Both the Playford and Northern power stations have closed and been demolished, and Leigh Creek shut down.

      Quos Deus vult perdere prius dementat – “those whom God wishes to destroy he first drives mad”.

      180

      • #
        Another Ian

        G No 3

        There is a variation on that which says “first makes confident”.

        Seems some confidence in it doing something.

        20

      • #
        Just Thinkin'

        In South Australia they have just finished installing 12 Diesels that can run on gas.
        For about 110 MW.

        Reckon they might get plenty of use.

        30

  • #
    King Geo

    The South Australian Govt’s fast-tracking to RE’s [mainly wind power generation] is turning out to be a nightmare. SA are the “RE test case dummy in Oz”. Most Asian nations know that this is a futile exercise – that is why they are focused on maintaining “fossil fuel base load power generation” and import a lot of Oz’s coal & LNG to fulfill their energy requirements – is this a joke? Knock knock!! No it is really happening. This is beyond dumb. Why would a nation like Oz with ample supplies of high quality coal & gas go down this route? It all started with Kevin 07 13 years ago – and it seems Oz is destined to have by far the most expensive & unreliable base load energy generation in the Asia-Pacific region because “political ideology” in Oz today is aligned with that of the “leftist EU” – and look at their electricity costs – without France’s nuclear power plants (~75% of their electricity generation) and Belgium’s nuclear power plants (~50% their electricity generation) the EU would be totally cactus. Imported Russian gas is impt but it has its “sovereign risk issues”. Why would Germany close down its nuclear power plants after the “Fukushima nuclear accident” in Japan (2011)? That was a knee jerk reaction by the Merkel Greenie Govt – like putting a wrecking ball through the Germany Economy. And look at what this once powerful economy has done to replace its cheap & reliable nuclear power generation – phase out fossil fuels and fast track to RE’s & biomass (wood & biofuels) – total madness.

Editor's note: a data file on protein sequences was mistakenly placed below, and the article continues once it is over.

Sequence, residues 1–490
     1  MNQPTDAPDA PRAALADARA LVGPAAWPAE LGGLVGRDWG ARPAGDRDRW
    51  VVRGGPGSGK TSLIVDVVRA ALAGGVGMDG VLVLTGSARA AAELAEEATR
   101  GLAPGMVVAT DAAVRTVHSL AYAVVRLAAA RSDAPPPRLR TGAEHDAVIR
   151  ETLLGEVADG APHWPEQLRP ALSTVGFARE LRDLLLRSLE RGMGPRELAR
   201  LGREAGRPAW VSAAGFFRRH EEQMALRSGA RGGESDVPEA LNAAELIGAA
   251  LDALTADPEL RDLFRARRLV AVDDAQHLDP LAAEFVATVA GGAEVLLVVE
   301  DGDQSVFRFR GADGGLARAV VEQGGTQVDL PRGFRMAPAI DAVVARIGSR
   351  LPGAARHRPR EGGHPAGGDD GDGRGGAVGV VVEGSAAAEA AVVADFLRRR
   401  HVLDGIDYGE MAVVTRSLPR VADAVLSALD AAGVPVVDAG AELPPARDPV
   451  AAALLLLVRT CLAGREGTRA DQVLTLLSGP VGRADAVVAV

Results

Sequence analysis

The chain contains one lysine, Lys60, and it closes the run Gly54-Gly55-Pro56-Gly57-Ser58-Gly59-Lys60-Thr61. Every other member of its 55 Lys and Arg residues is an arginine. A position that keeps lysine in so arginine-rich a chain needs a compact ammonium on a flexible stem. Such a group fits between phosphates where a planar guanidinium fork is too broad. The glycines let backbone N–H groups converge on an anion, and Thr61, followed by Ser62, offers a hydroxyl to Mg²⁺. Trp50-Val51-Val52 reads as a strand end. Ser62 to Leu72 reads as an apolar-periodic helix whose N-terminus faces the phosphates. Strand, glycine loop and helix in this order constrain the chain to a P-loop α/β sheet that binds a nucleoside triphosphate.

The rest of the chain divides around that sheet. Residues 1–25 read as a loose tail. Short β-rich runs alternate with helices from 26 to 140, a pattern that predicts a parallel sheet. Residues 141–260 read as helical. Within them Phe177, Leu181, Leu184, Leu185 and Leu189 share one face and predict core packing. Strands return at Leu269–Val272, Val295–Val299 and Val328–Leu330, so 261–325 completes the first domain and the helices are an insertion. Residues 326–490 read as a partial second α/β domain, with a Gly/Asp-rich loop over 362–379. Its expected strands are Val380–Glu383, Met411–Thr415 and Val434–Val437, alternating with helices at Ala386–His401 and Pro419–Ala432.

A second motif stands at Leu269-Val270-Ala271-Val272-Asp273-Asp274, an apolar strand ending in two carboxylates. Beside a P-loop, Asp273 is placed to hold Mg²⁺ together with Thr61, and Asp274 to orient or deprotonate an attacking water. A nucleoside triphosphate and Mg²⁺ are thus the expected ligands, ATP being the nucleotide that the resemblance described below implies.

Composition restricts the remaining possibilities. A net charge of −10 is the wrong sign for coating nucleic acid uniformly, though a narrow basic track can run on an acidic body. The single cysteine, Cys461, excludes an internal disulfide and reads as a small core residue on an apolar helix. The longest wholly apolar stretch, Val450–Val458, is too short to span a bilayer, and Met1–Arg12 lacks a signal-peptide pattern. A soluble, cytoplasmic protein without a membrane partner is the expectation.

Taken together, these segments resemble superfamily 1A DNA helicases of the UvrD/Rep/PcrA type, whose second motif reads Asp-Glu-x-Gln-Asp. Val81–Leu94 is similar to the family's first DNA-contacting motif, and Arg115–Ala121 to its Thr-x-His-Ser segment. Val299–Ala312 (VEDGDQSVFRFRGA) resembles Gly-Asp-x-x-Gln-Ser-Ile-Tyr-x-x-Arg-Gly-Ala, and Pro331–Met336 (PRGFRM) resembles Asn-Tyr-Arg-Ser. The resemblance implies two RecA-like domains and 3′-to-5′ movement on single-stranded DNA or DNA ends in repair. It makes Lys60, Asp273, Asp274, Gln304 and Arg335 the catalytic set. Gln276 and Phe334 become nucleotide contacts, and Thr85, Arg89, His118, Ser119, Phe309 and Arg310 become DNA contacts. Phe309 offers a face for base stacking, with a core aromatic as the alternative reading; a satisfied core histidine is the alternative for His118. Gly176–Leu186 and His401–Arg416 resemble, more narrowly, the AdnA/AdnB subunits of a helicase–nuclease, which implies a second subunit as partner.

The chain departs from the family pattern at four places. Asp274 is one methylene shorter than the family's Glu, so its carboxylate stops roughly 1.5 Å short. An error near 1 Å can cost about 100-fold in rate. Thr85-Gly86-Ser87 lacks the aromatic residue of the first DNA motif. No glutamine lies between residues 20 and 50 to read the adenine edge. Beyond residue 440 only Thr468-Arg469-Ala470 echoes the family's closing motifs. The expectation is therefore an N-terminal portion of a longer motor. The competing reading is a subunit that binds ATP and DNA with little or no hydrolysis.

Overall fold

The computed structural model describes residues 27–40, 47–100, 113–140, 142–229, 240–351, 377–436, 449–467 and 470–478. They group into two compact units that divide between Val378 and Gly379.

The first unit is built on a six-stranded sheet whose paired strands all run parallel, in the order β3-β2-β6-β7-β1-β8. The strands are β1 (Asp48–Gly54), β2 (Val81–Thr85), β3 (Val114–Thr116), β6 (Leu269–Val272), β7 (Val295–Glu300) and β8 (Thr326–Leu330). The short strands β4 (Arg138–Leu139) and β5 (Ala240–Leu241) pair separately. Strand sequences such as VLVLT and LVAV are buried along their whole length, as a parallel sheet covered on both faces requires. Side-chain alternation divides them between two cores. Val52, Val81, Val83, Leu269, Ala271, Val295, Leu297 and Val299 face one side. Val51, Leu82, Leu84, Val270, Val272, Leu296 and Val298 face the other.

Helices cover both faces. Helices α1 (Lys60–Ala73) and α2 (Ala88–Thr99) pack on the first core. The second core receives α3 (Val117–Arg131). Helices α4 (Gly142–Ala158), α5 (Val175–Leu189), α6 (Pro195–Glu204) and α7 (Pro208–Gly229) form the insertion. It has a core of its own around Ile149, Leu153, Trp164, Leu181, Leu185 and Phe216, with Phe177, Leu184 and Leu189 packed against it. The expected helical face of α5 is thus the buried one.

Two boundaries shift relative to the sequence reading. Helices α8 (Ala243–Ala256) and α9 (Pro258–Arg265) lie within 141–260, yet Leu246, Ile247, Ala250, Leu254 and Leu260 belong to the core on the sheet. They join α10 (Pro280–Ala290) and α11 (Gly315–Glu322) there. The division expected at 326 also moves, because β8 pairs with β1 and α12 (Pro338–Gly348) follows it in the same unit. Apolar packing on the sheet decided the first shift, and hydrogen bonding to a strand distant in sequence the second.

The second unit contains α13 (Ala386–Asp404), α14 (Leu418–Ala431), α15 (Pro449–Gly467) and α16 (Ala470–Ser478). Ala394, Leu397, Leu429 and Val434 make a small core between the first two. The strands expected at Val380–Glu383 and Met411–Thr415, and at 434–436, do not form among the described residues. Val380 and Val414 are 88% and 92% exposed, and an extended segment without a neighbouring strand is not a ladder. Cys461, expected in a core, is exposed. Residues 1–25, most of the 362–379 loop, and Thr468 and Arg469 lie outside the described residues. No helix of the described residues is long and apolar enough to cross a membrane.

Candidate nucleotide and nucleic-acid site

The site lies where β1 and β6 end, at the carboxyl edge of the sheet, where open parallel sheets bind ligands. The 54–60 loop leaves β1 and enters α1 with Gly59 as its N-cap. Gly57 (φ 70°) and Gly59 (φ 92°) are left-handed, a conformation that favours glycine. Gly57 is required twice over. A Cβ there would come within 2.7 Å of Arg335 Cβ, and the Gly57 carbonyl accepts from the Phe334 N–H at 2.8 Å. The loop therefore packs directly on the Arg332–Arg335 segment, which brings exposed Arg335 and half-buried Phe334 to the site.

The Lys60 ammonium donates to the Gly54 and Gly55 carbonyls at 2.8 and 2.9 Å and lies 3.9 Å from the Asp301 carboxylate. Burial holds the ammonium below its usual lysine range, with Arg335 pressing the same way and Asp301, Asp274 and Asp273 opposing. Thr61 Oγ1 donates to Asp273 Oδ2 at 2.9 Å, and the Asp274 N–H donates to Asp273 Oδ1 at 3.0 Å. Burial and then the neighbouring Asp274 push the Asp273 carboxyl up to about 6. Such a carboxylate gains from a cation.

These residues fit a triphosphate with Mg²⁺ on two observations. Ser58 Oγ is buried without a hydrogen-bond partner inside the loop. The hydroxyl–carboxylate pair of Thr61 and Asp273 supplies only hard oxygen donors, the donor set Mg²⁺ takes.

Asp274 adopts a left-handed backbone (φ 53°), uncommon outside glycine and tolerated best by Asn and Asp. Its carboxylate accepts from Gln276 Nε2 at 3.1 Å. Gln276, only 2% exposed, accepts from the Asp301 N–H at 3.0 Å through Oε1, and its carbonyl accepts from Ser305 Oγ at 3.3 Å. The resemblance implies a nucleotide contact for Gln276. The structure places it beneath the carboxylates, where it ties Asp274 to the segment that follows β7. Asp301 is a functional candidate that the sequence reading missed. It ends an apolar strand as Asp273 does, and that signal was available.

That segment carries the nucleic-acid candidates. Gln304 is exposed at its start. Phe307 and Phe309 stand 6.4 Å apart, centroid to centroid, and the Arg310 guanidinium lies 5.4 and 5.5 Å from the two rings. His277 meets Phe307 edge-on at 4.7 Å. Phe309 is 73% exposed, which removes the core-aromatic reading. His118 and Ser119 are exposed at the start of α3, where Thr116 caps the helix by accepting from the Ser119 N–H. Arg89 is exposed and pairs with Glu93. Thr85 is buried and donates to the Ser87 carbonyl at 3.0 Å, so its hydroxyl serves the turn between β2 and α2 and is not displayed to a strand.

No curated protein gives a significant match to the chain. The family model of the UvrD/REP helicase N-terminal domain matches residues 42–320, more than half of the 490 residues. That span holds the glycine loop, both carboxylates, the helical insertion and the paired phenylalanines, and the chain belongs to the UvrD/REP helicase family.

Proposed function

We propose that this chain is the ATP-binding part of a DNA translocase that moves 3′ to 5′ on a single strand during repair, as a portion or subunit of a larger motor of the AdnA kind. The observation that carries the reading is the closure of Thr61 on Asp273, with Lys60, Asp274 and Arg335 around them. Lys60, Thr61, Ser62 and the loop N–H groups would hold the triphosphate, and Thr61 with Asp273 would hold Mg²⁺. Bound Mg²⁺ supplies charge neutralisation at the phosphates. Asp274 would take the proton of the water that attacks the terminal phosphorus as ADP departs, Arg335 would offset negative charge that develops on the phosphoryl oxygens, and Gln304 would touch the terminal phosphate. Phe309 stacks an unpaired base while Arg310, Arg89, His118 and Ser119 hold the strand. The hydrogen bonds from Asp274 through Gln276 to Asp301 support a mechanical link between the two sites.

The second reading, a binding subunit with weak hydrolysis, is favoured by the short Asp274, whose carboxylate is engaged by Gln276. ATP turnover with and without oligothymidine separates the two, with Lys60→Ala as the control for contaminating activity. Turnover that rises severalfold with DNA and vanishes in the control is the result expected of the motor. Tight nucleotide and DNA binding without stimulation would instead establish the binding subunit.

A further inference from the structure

190

    • #
      Graeme No.3

      KG:
      Perhaps Merkel was worried about tsunamis racing up the Rhine river. All that wind lead to a reliance on exporting the surpluses to other EU countries, which meant strains on the Polish and Czechia systems. The result has been for both countries to block sudden surges from Germany, and the last I heard both France and The Netherlands were doing the same. Denmark would get overwhelmed except they direct the inflow to the Norwegian and Swedish hydro schemes. Very profitable for those countries, buy cheap and sell at at least 3 times the price. The ‘system’ falls down if there is less rain in Norway.
      Germany has had to start up a new coal fired station this year.

      120

  • #
    PeterS

    No one has yet to explain how we are to reverse the current trend that both major parties have taken, namely to keep reducing emissions with whatever means, such as more and more renewables. It’s also going to get tougher to reverse this madness being perpetrated by both major parties now that we are being told that the way out of the economic mess caused by the pandemic is to dump fossil fuels and move to renewables ASAP:
    World has six months to avert climate crisis, says energy expert
    I thought things were crazy before. Now it’s going to get much worse. Meanwhile, countries like China, Japan, Indonesia, etc. are building many more coal fired power stations. Are we stupid or are we stupid?

    210

  • #
    Lance

    I’d like to see the critical path construction schedule for that interconnector, inclusive of lead times for design, contract actions, right-of-way, substation transformer and switchgear, towers, conductors, foundations, concrete batch plants, access roads, permitting, environmental impact studies, legal disputations, etc.

    5 to 7 years would be about right, if you’re lucky, and hope you don’t need it any sooner.

    Controlling a bi-directional 800 MW transmission line will be a true exercise in control system design, especially if the priority is letting the unreliable partners take precedence over the thermal partners.

    Next up, who is going to provide reactive power to stabilize voltages for this? Inverters won’t do it. NSW thermal plants might not have sufficient capacity either. AC systems have impedence that can’t be ignored.

    The pols appear to believe that proposing a solution is unrelated to implementing it .